Figure 2 Protein-protein interaction network constitution and putative target identification for Jian-Pi Qing-Chang against ulcerative colitis. A: Protein-protein interaction networks were constituted for the candidate targets of Jian-Pi Qing-Chang (JPQC) and ulcerative colitis (UC), respectively, and an intersection was performed to identify the putative targets of JPQC on UC based on the degree centrality value; B and C: Enrichment analyses of biological processes and signalling pathways of JPQC were performed by ClueGO. JPQC: Jian-Pi Qing-Chang; UC: Ulcerative colitis. DC: Degree centrality.

In order to further comprehend the potential mechanisms of biological processes and signalling pathways of JPQC against UC, we performed ClueGO analyses for the targets using the Cytoscape plugin[24]. Specifically, the biological processes were largely related to regulation of protein modification by small protein conjugation or removal, glycogen biosynthetic process, telomere maintenance, regulation of oxidative stress-induced cell death, and activation of innate immune response (Figure 2B); whereas the signalling pathways mainly consisted of RANKL/RANK [Receptor activator of NF-κB (ligand)] signalling pathway, Leptin signalling pathway, and PI3K-AKT-mTOR signalling pathway (Figure 2C). Evidence shows that the NF-κB and PI3K-AKT-mTOR signalling pathways share the same downstream event of HIF-1α, while NF-κB and HIF-1α are both critically involved in the activation of inflammation as well as the deficiency of intestinal epithelial barrier function during the de-velopment of UC[29,30]. Herein, we proposed a hypothesis that JPQC inhibited the NF-κB/HIF-1α signalling pathway to protect against UC.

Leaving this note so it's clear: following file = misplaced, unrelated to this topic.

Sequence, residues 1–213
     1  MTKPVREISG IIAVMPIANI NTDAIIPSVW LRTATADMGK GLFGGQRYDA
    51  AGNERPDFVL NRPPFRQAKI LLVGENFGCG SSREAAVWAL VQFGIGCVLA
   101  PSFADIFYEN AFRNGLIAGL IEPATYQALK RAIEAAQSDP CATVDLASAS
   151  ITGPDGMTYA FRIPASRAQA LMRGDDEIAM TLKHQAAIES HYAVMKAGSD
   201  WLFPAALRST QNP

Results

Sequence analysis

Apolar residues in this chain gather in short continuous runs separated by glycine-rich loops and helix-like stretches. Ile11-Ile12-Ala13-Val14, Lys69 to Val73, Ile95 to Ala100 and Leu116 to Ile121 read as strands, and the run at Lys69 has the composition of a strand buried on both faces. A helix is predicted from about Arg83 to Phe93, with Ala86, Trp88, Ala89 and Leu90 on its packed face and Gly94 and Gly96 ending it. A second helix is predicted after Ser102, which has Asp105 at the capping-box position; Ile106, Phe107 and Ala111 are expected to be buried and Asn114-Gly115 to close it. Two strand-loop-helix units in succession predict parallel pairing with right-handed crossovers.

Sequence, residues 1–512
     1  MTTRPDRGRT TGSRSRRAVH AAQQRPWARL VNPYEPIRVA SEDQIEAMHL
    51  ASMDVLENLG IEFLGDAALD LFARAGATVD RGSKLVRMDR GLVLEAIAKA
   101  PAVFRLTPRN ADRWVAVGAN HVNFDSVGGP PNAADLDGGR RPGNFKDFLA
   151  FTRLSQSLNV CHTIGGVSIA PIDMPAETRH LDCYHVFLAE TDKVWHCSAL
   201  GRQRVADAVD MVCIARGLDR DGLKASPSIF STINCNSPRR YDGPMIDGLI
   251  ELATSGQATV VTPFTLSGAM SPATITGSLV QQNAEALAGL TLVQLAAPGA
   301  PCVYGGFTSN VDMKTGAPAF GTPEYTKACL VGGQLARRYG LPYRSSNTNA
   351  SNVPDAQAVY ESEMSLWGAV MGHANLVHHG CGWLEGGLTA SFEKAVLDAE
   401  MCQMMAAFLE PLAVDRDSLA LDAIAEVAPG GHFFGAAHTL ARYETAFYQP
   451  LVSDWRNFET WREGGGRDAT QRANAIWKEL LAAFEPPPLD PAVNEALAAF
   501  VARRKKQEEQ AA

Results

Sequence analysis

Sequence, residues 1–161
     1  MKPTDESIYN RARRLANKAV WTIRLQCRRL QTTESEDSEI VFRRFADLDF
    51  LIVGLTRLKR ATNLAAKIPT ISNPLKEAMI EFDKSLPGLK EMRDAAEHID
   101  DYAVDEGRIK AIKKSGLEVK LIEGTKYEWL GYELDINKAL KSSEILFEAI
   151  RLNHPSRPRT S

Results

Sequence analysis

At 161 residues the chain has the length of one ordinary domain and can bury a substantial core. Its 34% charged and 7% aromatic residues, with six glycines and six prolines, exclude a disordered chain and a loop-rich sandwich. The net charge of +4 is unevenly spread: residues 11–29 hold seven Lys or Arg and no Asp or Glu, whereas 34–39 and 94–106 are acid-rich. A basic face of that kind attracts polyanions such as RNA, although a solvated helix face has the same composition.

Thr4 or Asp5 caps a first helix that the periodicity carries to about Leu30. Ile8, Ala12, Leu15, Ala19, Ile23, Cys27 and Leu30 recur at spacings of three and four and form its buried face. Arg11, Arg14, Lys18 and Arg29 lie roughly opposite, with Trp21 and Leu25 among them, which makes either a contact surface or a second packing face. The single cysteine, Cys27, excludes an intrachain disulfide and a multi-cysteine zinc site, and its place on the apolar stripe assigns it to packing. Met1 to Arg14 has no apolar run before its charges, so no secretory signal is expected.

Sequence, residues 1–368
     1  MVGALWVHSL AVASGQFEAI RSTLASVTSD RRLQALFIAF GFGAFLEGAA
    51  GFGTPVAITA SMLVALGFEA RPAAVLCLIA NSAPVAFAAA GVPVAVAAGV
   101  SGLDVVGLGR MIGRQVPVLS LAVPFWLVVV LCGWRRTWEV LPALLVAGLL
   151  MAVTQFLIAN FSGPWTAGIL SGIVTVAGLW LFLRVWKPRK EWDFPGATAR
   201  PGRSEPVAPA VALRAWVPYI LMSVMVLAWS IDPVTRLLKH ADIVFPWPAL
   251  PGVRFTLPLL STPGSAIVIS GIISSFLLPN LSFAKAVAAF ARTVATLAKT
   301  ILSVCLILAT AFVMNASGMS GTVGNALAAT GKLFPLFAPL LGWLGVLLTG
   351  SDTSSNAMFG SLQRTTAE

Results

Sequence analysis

JPQC inhibits the HIF-1α signalling pathway in DSS-induced colitis mice